L-theanine also enhances gamma-aminobutyric acid (GABA), a neurotransmitter that helps to regulate brain excitability and calms over-firing in the brain.” This, he says, leads to feeling calm. “In addition, findings in the journal Nutrients show that l-theanine’s anti-stress properties may lie in dampening the stress hormone cortisol. Another randomized controlled trial showed that taking l-theanine significantly lowered the body’s stress response system,” said Dr. Amen.

2. Chamomile tea

The classic relaxer, chamomile tea, has a floral, simple flavor that is bliss at first sip. “Chamomile tea is excellent for relaxation, deeper sleep, and improved digestion,” says Bogden. Chamomile is also the chicken noodle soup of teas, in that it may help support your immune system.

“In Western herbalism, traditional Chinese medicine (TCM), and Ayurveda, chamomile is mainly known for its wonderful relaxation effects,” herbalist and Urban Remedy founder Neka Pasquale, LAc, MS, previously told Well+Good. “In TCM, chamomile is mainly used to move the qi and treat stagnation, or stuck energy. It’s used in support of the lungs (colds and flu), heart (nervous disorders), and stomach (digestion). In Ayurveda, chamomile is used for gas, bloating, painful menses, insomnia, and to calm the nervous system.”

3. Valerian root tea

“While the scent can throw you for a loop, Valerian root can reduce anxiety, improve sleep quality, and improve OCD symptoms,” says Bogden. If valerian root isn’t exactly to your taste, try adding some sugar, honey, or milk.

4. Ginger tea

“Deliciously spicy, ginger tea boosts our mood by enhancing circulation. Better circulation means more vitamins and minerals reach more destinations in the body leading to a mood boost,” says Bogden. Ginger also fights nausea and offers anti-inflammatory benefits.

“Studies have shown ginger to be effective in decreasing inflammation, swelling, and pain, thanks to a compound called gingerol. Gingerol is a bio-active compound in ginger which has powerful anti-inflammatory and antioxidant effects,” Tracy Lockwood-Beckerman, RD, previously told Well+Good. If you find the flavor of ginger tea a little overwhelming, try sweetening the beverage with honey or agave to soften its rich, potent flavor.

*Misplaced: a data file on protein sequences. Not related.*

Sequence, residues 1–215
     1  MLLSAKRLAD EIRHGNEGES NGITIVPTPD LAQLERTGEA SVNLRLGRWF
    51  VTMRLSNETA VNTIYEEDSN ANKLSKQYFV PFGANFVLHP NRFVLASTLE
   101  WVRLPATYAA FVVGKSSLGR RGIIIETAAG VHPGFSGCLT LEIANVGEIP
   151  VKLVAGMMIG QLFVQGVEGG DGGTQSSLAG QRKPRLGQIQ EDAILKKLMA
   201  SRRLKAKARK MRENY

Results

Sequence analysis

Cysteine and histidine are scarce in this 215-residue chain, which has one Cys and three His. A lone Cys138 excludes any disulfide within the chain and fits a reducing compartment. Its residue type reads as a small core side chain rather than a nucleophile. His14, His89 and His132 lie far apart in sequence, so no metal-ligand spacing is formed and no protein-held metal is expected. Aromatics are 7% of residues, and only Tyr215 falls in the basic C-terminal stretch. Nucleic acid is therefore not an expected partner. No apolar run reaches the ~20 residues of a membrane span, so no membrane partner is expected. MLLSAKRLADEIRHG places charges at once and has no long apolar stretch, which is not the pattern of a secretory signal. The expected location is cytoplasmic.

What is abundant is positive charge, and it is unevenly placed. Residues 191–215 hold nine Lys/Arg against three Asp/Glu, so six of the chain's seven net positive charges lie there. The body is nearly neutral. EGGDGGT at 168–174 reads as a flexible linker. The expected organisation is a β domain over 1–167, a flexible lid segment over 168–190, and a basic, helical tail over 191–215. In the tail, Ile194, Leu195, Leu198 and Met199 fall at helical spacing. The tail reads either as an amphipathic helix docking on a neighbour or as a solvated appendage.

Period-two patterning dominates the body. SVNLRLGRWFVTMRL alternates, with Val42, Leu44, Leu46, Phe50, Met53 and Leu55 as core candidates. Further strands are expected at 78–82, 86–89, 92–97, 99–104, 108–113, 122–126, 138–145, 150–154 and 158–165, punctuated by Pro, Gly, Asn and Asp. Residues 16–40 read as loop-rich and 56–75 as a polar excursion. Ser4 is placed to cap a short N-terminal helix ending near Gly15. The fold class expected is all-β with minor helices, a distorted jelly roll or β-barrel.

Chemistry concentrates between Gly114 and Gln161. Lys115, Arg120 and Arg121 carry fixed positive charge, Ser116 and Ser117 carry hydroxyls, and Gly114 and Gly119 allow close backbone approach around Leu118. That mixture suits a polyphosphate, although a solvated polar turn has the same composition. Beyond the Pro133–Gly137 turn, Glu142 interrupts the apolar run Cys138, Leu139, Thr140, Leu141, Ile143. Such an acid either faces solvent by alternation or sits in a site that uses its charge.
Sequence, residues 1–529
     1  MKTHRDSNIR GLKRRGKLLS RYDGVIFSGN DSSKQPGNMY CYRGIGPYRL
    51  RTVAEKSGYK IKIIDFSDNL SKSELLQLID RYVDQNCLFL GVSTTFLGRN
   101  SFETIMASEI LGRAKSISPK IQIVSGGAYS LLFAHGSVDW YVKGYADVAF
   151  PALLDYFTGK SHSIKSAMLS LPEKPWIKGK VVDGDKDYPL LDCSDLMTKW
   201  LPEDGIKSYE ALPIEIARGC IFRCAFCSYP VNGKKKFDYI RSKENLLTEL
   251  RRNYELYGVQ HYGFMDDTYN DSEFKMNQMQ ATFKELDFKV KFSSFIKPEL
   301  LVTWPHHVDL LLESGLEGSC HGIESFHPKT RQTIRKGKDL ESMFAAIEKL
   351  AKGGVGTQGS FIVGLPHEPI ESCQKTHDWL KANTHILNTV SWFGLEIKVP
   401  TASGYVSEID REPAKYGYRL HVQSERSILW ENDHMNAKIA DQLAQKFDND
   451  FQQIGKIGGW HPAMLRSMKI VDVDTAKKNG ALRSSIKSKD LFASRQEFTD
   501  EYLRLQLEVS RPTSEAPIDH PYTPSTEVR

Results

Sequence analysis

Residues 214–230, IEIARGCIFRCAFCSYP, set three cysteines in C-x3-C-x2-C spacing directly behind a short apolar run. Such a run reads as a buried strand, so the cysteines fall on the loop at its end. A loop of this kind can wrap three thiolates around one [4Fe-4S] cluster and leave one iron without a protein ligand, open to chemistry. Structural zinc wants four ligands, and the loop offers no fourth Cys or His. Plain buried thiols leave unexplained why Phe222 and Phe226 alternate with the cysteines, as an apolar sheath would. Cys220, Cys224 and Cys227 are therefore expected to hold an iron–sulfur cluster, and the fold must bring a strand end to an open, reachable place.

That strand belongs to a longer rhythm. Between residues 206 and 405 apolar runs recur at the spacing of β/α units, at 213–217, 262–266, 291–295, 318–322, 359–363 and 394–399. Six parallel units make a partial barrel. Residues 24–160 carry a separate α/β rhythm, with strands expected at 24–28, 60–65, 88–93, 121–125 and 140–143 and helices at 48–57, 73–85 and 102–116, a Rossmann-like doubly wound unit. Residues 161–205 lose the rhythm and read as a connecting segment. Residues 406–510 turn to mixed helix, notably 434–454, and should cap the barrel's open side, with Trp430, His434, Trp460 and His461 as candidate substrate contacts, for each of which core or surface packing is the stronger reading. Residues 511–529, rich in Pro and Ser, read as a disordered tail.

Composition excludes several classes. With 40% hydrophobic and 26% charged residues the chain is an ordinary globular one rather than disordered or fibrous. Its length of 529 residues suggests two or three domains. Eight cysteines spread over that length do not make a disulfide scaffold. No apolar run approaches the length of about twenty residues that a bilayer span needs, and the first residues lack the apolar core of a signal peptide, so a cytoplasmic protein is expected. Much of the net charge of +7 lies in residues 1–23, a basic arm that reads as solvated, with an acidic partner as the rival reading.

5. Honey lavender tea

The smell of lavender conjures daydreams of Italy, afternoon naps, and giant sun hats. (Just me?) Bogden says that honey lavender tea is just about as relaxing as a beverage can get. “Honey lavender tea is soothing, tastes great, and is awesome from an aromatic and digestion standpoint when it comes to enhancing relaxation,” she says. Try making this chamomile lavender latte for the ultimate stress-busting, sleep-boosting beverage.

6. Lemongrass tea

“The strong, vibrant, and fresh scent of lemongrass tea has been shown to improve mood simply by inhalation,” says Bogden. Of course, you could also actually, you know, drink the beverage. Although more research needs to be done on the health effects of lemon grass tea, it has been used as a stomach-soother for thousands of years.

Make your own herbal tea with these easy recipe: